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What's Your Approach to IT?

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I've noticed a trend lately. I'm meeting more and more with business owners who are looking to improve their IT infrastructure but aren't getting the level of expertise or service from their existing (outsourced) IT company that they feel they should be getting, so they're looking to make a change. While many of these businesses are at a similar maturity level, the consistent thing I'm noticing with many of them is that they have networks band-aided together from years of neglect, cutting corners, and (from an outsider's perspective) not taking IT "seriously". I don't know how much of this is on them solely or if there's any shared blame with their existing "IT Guy".  Often, it's just the natural progression of a network that's expanded and pieced together over time by different people through different phases of the growth of the business. But, it still begs the question - when do you start taking your IT seriously?

While they know they've outgrown their current IT company, they're still coming to grips with the thought that they need to outgrow their approach to IT. The bad news is that after all the years of neglect - both physical (ie: not spending the money as they should have) as well as spiritual (ie: viewing IT as a cost center rather than as a way to reap the benefits of improved productivity and efficiency) - have left them in a difficult situation. The difficult situation isn't the state of their technology, but rather the state of their mindset. Bottom line - because they haven't spent on IT for so long and have muddled through, most still think they shouldn't have to (spend on IT). There are some who think they've changed their view, but still think that once the network's "fixed", spending should go back down to a minimal level. The reality couldn't be further from the truth. The reality is - there is some minimum that needs to be spent to ensure the initial investment is maximized to achieve some basic benefits - extending the life of the assets, improving staff productivity, and ensuring stability.  Significant business benefits can also be achieved by looking at specific IT spending as opportunities to increase business efficiencies by improving, enhancing, or even sometimes simply utilizing, systems, processes, and work flows better thereby significantly impacting the bottom line.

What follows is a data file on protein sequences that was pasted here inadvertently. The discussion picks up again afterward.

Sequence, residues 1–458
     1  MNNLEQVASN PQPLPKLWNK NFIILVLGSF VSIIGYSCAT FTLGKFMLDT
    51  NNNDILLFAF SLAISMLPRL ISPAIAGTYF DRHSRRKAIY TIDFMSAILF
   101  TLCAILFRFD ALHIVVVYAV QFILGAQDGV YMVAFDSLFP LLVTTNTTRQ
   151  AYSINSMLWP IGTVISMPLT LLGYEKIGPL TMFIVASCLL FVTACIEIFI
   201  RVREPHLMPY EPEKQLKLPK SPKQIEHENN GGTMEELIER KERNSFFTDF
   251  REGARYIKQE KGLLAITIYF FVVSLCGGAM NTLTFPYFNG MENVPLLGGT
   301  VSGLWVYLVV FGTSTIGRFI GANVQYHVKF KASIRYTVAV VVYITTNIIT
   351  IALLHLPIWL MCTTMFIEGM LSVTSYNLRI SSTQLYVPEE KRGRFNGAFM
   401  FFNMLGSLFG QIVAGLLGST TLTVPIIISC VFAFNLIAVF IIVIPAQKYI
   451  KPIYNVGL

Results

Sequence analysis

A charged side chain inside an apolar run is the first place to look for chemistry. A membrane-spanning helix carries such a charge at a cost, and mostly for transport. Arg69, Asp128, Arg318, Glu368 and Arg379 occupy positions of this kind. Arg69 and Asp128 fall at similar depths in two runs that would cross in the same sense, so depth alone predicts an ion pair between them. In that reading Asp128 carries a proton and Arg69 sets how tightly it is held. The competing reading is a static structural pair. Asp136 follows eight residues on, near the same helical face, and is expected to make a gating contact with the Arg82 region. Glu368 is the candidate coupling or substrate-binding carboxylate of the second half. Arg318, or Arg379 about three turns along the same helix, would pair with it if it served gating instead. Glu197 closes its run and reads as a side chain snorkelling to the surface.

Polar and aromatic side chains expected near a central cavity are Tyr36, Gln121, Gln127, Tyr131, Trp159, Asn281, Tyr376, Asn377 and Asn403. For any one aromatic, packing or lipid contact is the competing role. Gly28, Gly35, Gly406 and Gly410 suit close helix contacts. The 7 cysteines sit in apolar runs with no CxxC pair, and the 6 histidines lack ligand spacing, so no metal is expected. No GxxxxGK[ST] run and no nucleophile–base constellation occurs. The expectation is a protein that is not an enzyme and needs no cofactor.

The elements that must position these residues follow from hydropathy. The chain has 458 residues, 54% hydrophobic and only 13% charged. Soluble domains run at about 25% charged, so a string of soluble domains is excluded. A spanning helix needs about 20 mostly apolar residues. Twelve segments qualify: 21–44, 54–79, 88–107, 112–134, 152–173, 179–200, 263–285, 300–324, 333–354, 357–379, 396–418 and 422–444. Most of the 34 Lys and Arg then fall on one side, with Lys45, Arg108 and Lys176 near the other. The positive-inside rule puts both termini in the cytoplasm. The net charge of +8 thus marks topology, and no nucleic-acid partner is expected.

There are ways to spend to improve efficiency and effectiveness - but you have to have the mindset to do this. What would you be willing to spend to improve your staff's productivity by 10%? 20%? Or more? Or, would you at all? How much do you value your staff's time?  When was the last time you looked at their productivity and thought of ways to improve them?  Do you look for ways to increase staff productivity at all?  How often do you send them to training?  What are your performance schedules like?  How do you look at an increase in productivity?  In dollars?  Dual monitors improve the productivity of staff by at least 5%. For a staff member costing $50k/year this would amount to an increase in productivity worth $2,500. If it costs $500 to do this, this is over a 500% ROI. And for just the first year! If you can improve the productivity of a staff member by 10% by replacing their 3 year old computer, would you? Are you looking at your business this way? If not, a mindset shift needs to happen.  This ties in to the findings of a previous entry I wrote Businesses Who Value IT Outperform Those Who Don't.  I believe if you want to operate your business at Best in Class levels, at the core you have to adopt their mindsets.

I liken this mindset needing to be changed to be like going from your first bike when you're a kid to getting your first car to getting the SUV you need to trust your family's life with - but thinking you should still be spending at the same level as for your first bike. Certainly you can, but I wouldn't trust my family to this level of care. Nor would I (nor do I) run my business this way.

So, what's really your approach to your IT?

About the Author
Craig Pollack
Craig Pollack Blog Profile Image Craig is the Founder & CEO of FPA Technology Services, Inc. Craig provides the strategy and direction for FPA, ensuring its clients, their business owners, and key decision makers leverage technology most effectively to achieve their business objectives. Craig focuses on ensuring that the technologies implemented by clients are "business centric" and key components of their businesses' success, and that this approach is shared by every staff member of FPA.
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